April is crappie time across Mississippi

(Picture by Dan Kibler)

When discussing April’s options for Mississippi’s outdoorsmen and women, the talk begins and ends with crappie. Turkeys, of course, are a close second.

Crappie is the king of gamefish here, just like the Magnolia State reigns over all others for crappie-fishing destinations. Boasting of stops like the I-55 corridor’s royalty (north to south): Arkabutla Lake, Sardis Lake, Enid Lake, Grenada Lake and Barnett Reservoir, with the crown jewels of the Delta being Lake Washington and Eagle Lake, Mississippi has every right to brag.

It shines brightest in April when the dogwoods bloom and crappie spawn. Going shallow makes them vulnerable to more fishermen, and limits leave the different lakes on a daily basis.

“With modern electronics, fishermen with deep-enough pockets to rig out a boat can catch fish all year,” said angler Roger Wilson of Brandon, who fishes every opportunity he gets on Barnett Reservoir. “During the spawn, all those modern gizmos don’t really come into play. Everybody, even waders, can get to where the crappie are and catch fish. I’ve got a big boat with all the electronics, and I’ve caught just as many fish in April from my old john boat as I do now.

“When they are spawning, it’s just a matter of putting a jig into as much structure as you can in a day. Of course, you still have to learn the areas where the most fish spawn, which comes from experience more than anything else, or from watching where all the boats head from the dock.”

The spawn can begin in March and can last as late as June on some lakes, but April is the peak. Longtime perch-jerker Rabbit Rogers of Brandon has a saying he swears by: “If I had to pick one day that every year would put you close to the peak of the spawn, I’d say April 15. That’s tax day, so it’s easy to remember.”

What Rogers means is, if a fisherman wants to arrange his schedule to be off from work and hopes to coincide with the spawning peak, the time around April 15 is the best bet. Not all crappie spawn at the same time, not even all the crappie in the same lake, but Rogers feels the time frame around mid-April is when the majority of fish will be getting busy.

Drop a jig in shallow brush this month, and a Mississippi crappie is liable to try and make it a meal of it. (Picture by Dan Kibler)

The biggest segment of Mississippi sportsmen who could care less about crappie spawning are the avid turkey hunters.

“It’s not that I don’t like crappie fishing; it’s just that I spend every free minute I have either chasing turkeys or planning my next chase,” said Fred Wilson of Meridian. “I wouldn’t be lying if I said I even think turkey when I sleep, because I dream about it, too.”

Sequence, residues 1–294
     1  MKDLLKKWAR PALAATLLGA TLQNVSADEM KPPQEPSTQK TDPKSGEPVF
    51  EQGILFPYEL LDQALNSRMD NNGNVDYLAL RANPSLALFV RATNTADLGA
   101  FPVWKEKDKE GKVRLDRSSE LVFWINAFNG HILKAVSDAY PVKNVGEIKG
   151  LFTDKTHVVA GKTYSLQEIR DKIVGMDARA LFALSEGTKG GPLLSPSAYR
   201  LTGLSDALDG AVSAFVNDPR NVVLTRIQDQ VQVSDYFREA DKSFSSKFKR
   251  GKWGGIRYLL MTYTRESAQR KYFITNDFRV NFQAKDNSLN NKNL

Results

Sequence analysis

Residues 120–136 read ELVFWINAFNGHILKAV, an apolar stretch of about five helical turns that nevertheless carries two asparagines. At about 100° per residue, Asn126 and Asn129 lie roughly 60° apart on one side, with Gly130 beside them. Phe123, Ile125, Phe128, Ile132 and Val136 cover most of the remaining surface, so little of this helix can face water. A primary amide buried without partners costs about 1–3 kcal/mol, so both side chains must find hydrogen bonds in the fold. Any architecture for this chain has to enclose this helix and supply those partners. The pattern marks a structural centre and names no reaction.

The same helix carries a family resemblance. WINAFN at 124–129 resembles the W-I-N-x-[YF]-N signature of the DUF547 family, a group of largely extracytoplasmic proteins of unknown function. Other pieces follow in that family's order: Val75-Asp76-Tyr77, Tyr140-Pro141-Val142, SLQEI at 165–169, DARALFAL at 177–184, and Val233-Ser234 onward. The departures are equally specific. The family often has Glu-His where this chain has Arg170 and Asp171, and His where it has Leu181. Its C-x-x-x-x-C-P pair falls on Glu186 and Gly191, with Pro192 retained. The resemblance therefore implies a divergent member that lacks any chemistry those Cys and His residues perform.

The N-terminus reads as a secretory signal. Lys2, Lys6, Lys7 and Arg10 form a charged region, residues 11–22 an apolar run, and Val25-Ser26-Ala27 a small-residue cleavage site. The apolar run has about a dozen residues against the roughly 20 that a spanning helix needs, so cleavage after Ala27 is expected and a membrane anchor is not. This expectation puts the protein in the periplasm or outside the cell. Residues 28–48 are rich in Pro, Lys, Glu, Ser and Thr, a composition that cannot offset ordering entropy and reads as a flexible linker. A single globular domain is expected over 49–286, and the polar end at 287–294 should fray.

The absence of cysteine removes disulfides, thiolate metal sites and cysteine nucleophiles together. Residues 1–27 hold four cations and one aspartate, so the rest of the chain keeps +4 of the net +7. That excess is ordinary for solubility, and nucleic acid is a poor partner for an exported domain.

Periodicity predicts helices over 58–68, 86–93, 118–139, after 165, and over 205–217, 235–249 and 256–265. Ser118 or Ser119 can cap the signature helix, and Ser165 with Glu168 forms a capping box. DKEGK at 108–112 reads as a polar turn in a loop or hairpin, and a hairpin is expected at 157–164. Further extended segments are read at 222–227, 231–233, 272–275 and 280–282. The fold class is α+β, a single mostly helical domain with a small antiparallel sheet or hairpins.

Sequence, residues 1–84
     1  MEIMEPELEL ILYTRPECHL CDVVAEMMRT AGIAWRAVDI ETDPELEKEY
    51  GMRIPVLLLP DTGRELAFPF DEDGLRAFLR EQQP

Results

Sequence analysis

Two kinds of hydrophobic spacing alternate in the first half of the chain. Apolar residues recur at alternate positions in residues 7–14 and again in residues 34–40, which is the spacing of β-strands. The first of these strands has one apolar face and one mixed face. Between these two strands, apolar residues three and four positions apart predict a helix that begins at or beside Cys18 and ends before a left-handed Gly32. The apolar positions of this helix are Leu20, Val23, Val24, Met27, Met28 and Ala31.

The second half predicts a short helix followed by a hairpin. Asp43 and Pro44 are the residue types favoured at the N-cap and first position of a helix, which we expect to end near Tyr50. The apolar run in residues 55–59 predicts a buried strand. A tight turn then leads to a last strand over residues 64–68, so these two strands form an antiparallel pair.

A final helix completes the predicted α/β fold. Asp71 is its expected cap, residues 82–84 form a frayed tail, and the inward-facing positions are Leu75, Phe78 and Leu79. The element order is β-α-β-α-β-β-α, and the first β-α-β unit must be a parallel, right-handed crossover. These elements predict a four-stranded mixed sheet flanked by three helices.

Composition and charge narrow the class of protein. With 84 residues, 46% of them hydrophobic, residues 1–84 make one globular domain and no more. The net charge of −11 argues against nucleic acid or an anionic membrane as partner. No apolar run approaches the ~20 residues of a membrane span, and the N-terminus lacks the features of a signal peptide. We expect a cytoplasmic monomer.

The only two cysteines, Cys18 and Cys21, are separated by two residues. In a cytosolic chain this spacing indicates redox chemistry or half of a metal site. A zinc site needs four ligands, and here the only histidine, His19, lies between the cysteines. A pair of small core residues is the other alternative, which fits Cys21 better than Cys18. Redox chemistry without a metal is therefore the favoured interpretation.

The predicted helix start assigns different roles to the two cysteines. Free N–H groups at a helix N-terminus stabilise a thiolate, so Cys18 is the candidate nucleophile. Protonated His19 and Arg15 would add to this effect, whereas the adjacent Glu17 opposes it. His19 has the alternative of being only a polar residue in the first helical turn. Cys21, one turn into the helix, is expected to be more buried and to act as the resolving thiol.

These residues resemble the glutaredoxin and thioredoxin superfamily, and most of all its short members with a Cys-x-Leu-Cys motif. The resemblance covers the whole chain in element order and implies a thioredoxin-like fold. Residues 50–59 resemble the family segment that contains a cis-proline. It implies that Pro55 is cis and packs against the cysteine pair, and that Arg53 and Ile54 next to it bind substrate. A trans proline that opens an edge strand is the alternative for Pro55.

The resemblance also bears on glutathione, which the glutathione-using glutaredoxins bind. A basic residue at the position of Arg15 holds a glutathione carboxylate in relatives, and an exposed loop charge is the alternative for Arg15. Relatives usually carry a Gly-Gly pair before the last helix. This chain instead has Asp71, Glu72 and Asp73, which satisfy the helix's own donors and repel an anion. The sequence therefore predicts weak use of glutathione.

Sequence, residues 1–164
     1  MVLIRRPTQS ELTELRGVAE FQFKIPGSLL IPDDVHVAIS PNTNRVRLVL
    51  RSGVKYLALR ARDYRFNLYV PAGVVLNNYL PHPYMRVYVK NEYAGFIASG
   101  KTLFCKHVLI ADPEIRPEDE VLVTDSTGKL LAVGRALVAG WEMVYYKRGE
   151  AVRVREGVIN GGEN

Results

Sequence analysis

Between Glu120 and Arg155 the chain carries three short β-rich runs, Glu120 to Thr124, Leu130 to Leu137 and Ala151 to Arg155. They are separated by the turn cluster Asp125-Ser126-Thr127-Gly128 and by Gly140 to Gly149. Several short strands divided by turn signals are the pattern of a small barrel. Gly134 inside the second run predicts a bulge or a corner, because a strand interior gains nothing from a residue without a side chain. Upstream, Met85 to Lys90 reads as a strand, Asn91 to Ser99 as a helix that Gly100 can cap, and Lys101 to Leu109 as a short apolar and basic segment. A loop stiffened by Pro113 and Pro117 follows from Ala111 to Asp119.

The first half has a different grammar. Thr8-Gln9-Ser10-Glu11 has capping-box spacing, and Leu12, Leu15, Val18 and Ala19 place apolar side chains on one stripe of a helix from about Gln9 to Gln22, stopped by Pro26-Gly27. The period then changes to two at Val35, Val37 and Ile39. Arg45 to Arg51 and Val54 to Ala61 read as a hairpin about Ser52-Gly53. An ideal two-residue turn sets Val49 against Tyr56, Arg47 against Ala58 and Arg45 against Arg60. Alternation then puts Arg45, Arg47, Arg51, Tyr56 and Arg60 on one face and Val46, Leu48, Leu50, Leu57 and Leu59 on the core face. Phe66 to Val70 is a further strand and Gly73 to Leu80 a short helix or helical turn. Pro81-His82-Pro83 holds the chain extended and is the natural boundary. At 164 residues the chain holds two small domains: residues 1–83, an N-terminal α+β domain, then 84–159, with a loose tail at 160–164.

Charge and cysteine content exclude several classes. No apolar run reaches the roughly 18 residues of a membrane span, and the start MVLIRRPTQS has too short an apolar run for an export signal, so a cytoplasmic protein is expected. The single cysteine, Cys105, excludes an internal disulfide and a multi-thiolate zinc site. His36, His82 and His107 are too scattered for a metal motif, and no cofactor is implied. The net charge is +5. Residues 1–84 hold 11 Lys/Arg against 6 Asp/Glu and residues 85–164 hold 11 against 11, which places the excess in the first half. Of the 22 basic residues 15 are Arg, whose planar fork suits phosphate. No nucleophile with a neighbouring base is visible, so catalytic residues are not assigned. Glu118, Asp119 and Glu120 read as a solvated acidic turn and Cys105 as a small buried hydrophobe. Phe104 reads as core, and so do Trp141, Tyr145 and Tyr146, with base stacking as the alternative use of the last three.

Mississippi’s spring turkey season began in mid-March and ends May 1, putting the full month of April in play.

“My favorite time is April, because I know that my No. 1 competitors, turkey hens, start leaving the gobblers alone more during the day to nest,” Wilson said. “In March, the hens keep the gobblers pretty busy and make it tough to get a trophy tom’s attention and call him into gun range. As more and more hens start heading to nest, my odds get better. Don’t get me wrong; the odds are always on the gobbler’s side, but the slightest tip in my direction is a wonderful thing. That happens more in April, even mid-April, than at any other time.

“I used to limit out in March on 2-year-old birds, but over time, I learned that it was more fun to battle the older, stubborn gobblers, and the sight of a hooked spur of a mature bird gets me going. Over the past 10 years, I bet that 90 to 95% of the gobblers that I’ve killed or have called up for other hunters have come in April. A lot of that success came from the time I spent chasing them and losing to the hens in March but learning about their habits and areas.”

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About Bobby Cleveland 1353 Articles
Bobby Cleveland has covered sports in Mississippi for over 40 years. A native of Hattiesburg and graduate of the University of Southern Mississippi, Cleveland lives on Ross Barnett Reservoir near Jackson with his wife Pam.

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